While rings, ringers, ring signals, or what might be viewed as the call signals which are the predecessors of ringtones, date back to the beginnings of telephony, modern ringtones appeared in the 1960s and have expanded into tunes and many customizable tones or melodies. Arguably the first ringtone (in the modern sense) appeared in the movie Our Man Flint in 1966, where the head of the secret government agency had a red phone that connected directly to the President and rang with a distinctive musical ringtone. Following a 1975 FCC ruling which permitted third-party devices to be connected to phone lines, manufacturers produced accessory telephone ringers which rang with electronic tones or melodies rather than mechanical bells. People also made their own ringers which used the chip from a musical greeting card to play a melody on the arrival of a call.Sokolowski, Steve (1989). "Customize Your Phone", Ch. 8 "Telephone Melody Ringer". TAB Books, Blue Ridge Summit, PA. . One such ringer, described in a 1989 book, even features a toy dog which barks and wags its tail when a call arrives.Sokolowski, Steve (1989). "Customize Your Phone", Ch. 20 "Animated Telephone Ringer". TAB Books, Blue Ridge Summit, PA. . Eventually, electronic telephone ringers became the norm. Some of these ringers produced a single tone, but others produced a sequence of two or three tones or a musical melody.Bigelow, Carr and Winder (2001). "Understanding Telephone Electronics", Fourth Edition. Newnes. . Some novelty phones have a ringer to match, such as a duck that quacks or a car that honks its horn.
Polyphonic ringtone technology dates back to 1999, when the Yamaha MA-1 sound chip was introduced, including four 2-op FM synthesis channels.
The earliest ringtone maker was Harmonium, developed by Vesa-Matti Paananen, a Finnish computer programmer, and released in 1997 for use with Nokia smart messaging. First ever MEF Special Recognition Award goes to the pioneer of the mobile ringtone business — "Vesku" Paananen, a June 4, 2004 press release from the Mobile Entertainment Forum Ring My Bell, a 2005 article from The New Yorker Some phone manufacturers included features for users to create music tones, either with a "melody composer" or a sample/loop arranger, such as the MusicDJ software included on many Sony Ericsson phones. These often use encoding formats only available to one particular phone model or brand. Other formats, such as MIDI or MP3, are often supported; they must be downloaded to the phone before they can be used as a normal ringtone.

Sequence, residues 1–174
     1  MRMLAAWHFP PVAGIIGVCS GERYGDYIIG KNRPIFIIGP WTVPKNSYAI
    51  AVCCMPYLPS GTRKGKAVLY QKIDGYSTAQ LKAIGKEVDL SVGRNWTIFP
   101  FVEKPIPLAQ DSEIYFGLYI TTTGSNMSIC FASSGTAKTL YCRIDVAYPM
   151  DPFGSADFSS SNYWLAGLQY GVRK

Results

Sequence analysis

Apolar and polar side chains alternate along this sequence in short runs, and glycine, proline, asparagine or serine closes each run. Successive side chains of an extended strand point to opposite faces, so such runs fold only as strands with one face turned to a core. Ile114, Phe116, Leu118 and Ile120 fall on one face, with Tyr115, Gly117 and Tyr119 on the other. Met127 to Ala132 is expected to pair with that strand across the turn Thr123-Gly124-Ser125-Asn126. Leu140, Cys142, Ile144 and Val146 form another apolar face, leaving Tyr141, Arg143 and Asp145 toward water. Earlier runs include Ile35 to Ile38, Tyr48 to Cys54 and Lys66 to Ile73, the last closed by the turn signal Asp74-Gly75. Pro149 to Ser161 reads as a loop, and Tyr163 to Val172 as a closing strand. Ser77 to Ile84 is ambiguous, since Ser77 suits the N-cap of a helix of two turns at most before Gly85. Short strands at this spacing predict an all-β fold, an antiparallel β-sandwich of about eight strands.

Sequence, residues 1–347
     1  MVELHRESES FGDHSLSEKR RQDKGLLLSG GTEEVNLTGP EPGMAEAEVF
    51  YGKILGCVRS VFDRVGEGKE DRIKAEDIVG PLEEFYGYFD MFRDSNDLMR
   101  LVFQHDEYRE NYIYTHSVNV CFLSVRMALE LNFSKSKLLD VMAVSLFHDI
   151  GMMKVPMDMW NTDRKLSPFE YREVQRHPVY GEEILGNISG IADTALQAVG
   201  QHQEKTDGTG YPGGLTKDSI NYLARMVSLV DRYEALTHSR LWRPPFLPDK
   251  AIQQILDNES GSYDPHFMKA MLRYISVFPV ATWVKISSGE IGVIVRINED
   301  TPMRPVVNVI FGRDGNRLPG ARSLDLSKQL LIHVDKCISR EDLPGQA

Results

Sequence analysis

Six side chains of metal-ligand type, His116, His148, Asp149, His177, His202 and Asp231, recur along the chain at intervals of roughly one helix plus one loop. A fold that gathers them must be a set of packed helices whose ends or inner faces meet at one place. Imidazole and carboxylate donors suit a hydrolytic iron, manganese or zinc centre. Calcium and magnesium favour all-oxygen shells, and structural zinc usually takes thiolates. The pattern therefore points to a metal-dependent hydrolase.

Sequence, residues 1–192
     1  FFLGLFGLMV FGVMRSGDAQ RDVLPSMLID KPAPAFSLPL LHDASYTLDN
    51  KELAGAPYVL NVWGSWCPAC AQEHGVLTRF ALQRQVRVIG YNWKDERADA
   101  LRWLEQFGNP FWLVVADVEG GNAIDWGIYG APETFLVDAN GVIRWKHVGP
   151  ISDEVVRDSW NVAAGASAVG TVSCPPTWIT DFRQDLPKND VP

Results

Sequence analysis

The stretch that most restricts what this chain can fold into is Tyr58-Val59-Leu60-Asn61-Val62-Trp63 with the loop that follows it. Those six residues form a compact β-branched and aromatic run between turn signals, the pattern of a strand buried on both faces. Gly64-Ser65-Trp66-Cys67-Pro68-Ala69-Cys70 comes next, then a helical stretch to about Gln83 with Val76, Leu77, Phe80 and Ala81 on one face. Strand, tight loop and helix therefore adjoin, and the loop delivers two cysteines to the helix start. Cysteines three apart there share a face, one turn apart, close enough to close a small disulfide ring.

In 2005, "SmashTheTones", now "Mobile17", became the first third-party solution for ringtone creation online without requiring downloadable software or a digital audio editor. Later, iPhones included the ability to create a ringtone from a song purchased with the iTunes library. Evolution of Ringtones from SendMe Mobile
The first downloadable mobile ringtone service was created and delivered in Finland in 1998 when Radiolinja (a Finnish mobile operator now known as Elisa Oyj) started their service called Harmonium, invented by Vesa-Matti Pananen. Harmonium contained both tools for individuals to create monophonic ring tones and a mechanism to deliver them over-the-air (OTA) via SMS to a mobile handset. In November 1998, Digitalphone Groupe (SoftBank Mobile) started a similar service in Japan.
Andy Clarke, while working for UK phone provider Orange, helped created the B5 Ringtone License with the UK's Mechanical-Copyright Protection Society in 1998. In 1999, Clarke registered ringtone.net and setup what is believed to be the world's first "legal" ringtone business. Scott Memphis, leader singer of Sunday Morning Sanctuary, wrote a 2010 hit entitled, "Ringtones & Lullabies" inspired by with the B5 Ringtone Licensing of 1998.
The fact that consumers were willing to pay up to $5 for ringtones, made mobile music a profitable part of the music industry. A significant portion of sales went to the cell phone provider. The Manhattan-based marketing and consulting firm Consect estimated ringtones generated $4 billion in worldwide sales in 2004. According to Fortune magazine, ringtones generated more than $2 billion in worldwide sales during 2005. The rise of sound files also contributed to the popularization of ringtones. In 2003 for example, the Japanese ringtone market, which alone was worth US$900 million, experienced US$66.4 million worth of sound file ringtone sales. In 2003, the global ringtone industry was worth somewhere between US$2.5 and US$3.5 billion. In 2009, the research firm SNL Kagan estimated that sales of ringtones in the United States peaked at $714 million in 2007. Shrinking Ringtone Sales Lead to Decline in U.S. Mobile Music Market, an August 5, 2009 press release published on the Entrepreneur magazine website